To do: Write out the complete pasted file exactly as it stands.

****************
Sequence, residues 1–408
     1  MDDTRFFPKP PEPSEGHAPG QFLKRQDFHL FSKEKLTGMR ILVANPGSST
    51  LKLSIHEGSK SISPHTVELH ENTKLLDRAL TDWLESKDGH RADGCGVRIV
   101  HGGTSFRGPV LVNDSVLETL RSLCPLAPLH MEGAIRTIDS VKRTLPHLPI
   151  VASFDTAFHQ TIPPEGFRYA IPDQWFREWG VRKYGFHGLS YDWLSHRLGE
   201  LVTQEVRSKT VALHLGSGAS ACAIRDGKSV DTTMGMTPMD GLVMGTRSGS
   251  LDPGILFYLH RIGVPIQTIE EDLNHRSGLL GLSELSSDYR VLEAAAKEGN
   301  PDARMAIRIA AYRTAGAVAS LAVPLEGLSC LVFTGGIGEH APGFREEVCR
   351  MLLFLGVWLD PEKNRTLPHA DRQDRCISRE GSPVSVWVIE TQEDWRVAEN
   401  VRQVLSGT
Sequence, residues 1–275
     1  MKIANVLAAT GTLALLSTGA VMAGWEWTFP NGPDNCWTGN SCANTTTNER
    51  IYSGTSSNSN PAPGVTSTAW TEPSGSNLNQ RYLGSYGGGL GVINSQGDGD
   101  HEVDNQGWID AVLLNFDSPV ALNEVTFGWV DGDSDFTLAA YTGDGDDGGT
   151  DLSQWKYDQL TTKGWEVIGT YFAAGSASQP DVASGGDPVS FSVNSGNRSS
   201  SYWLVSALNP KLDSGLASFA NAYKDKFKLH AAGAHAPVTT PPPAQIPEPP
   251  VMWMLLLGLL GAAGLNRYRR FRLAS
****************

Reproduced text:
Sequence, residues 1–408
     1  MDDTRFFPKP PEPSEGHAPG QFLKRQDFHL FSKEKLTGMR ILVANPGSST
    51  LKLSIHEGSK SISPHTVELH ENTKLLDRAL TDWLESKDGH RADGCGVRIV
   101  HGGTSFRGPV LVNDSVLETL RSLCPLAPLH MEGAIRTIDS VKRTLPHLPI
   151  VASFDTAFHQ TIPPEGFRYA IPDQWFREWG VRKYGFHGLS YDWLSHRLGE
   201  LVTQEVRSKT VALHLGSGAS ACAIRDGKSV DTTMGMTPMD GLVMGTRSGS
   251  LDPGILFYLH RIGVPIQTIE EDLNHRSGLL GLSELSSDYR VLEAAAKEGN
   301  PDARMAIRIA AYRTAGAVAS LAVPLEGLSC LVFTGGIGEH APGFREEVCR
   351  MLLFLGVWLD PEKNRTLPHA DRQDRCISRE GSPVSVWVIE TQEDWRVAEN
   401  VRQVLSGT
Sequence, residues 1–275
     1  MKIANVLAAT GTLALLSTGA VMAGWEWTFP NGPDNCWTGN SCANTTTNER
    51  IYSGTSSNSN PAPGVTSTAW TEPSGSNLNQ RYLGSYGGGL GVINSQGDGD
   101  HEVDNQGWID AVLLNFDSPV ALNEVTFGWV DGDSDFTLAA YTGDGDDGGT
   151  DLSQWKYDQL TTKGWEVIGT YFAAGSASQP DVASGGDPVS FSVNSGNRSS
   201  SYWLVSALNP KLDSGLASFA NAYKDKFKLH AAGAHAPVTT PPPAQIPEPP
   251  VMWMLLLGLL GAAGLNRYRR FRLAS